The Open Society Institute, along with its affiliate the Alliance for Open Society International, filed a lawsuit today against USAID to challenge its unconstitutional and dangerous policy of requiring grantees to sign a pledge opposing prostitution. Failure to endorse this loyalty oath means health workers across the world striving to stop the spread of HIV/AIDS could lose funding and be forced to abandon life-saving programs.
The United States has made a historic and laudable commitment to combat HIV/AIDS. But these funding restrictions threaten to render these achievements ineffective. More than 40 million people are living with HIV/AIDS and five million became infected in 2004.
The USAID pledge requirement undermines efforts to provide life-saving services and information to sex workers, who are at significant risk of infection and can also transmit HIV to others. In many countries, the epidemic is concentrated among sex workers and reaching them with prevention services will help avert a wider epidemic.
Sex workers face harassment, violence, and discrimination. Severe stigmatization and threat of fines or incarceration make sex workers less able to access needed health and social services. Requiring health workers to condemn the people they are trying to help will intensify the stigma and fears among this vulnerable population and make it harder to engage them effectively.
The AOSI and OSI lawsuit charges that the pledge requirement is unconstitutional, under well-established Supreme Court case law, because it requires private organizations to adopt the government’s point of view in order to receive funding. The Justice Department under the Bush Administration originally reached this same conclusion, only recently reversing its view. Although the pledge requirement was passed by Congress in 2003, it was not until this year that USAID sought to implement it with U.S.-based organizations.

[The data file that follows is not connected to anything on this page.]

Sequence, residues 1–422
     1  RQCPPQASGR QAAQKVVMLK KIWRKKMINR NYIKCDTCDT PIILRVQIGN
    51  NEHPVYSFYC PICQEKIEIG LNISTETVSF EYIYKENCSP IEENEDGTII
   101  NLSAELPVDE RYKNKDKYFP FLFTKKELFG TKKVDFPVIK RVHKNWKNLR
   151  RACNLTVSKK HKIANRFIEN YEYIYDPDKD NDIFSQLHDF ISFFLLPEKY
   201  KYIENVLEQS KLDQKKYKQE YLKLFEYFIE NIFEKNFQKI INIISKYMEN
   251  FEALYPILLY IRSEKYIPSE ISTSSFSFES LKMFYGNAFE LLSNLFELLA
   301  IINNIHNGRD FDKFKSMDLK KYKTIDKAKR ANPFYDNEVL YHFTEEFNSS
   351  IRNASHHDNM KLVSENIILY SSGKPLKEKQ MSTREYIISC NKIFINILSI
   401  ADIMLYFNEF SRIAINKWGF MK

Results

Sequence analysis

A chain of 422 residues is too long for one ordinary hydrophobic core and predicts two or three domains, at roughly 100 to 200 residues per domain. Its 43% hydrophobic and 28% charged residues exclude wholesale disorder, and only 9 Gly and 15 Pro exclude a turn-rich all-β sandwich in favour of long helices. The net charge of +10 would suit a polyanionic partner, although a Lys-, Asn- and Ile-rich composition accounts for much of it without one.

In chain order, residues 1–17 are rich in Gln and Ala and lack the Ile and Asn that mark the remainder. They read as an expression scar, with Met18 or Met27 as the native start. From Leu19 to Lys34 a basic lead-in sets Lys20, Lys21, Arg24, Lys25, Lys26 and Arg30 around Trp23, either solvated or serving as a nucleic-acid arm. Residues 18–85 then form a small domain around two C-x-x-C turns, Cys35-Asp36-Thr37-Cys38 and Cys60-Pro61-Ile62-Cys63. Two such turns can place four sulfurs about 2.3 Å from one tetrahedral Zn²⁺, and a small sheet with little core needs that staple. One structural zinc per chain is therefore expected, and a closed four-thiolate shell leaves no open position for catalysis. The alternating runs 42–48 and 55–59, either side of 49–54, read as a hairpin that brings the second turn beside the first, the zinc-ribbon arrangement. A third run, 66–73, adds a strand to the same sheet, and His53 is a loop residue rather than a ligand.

The suit also alleges that the pledge requirement is unconstitutionally vague and therefore allows the law to be applied arbitrarily. It is unclear how organizations are supposed to “oppose prostitution,” and the uncertainty created by this provision creates a chilling effect on efforts to stop the spread of HIV/AIDS. Despite repeated requests from OSI and other groups, USAID has declined to give any guidance as to what constitutes compliance with the pledge. In an attempt to keep its USAID-funded HIV prevention programs alive in Central Asia, AOSI this summer signed the anti prostitution pledge, while noting its objections.
On two previous occasions, USAID refused to indicate whether AOSI’s policy met the pledge requirement. AOSI has stated that it believes that trafficking and sex work do harm both to the individuals directly involved and to others in various ways.
AOSI is administering a government grant awarded in 2002 to implement USAID’s Drug Demand Reduction Program in Central Asia, where HIV/AIDS is spread overwhelmingly through injection drug use and left unchecked will have a devastating social and economic impact. Since sex workers are at increased risk of using drugs, they are a prime target for this program’s interventions. The programs provide testing for HIV and other infectious diseases, drug treatment and other services to help people stop using drugs, and education and counseling to sex workers. Outreach work is crucial to curbing the HIV epidemic and is consistent with evidence-based public health best practices.
The Open Society Institute, which helps fund AOSI, is a leader among groups working to stem the spread of HIV/AIDS in the former Soviet Union where the epidemic is one of the fastest growing in the world. OSI also implements a range of initiatives to support the rule of law, education, public health, and independent media. OSI works to build alliances across borders and continents on issues such as combating corruption and rights abuses.
AOSI and OSI are urging that the pledge requirement be lifted so that aid groups and the government can continue to work together to save lives.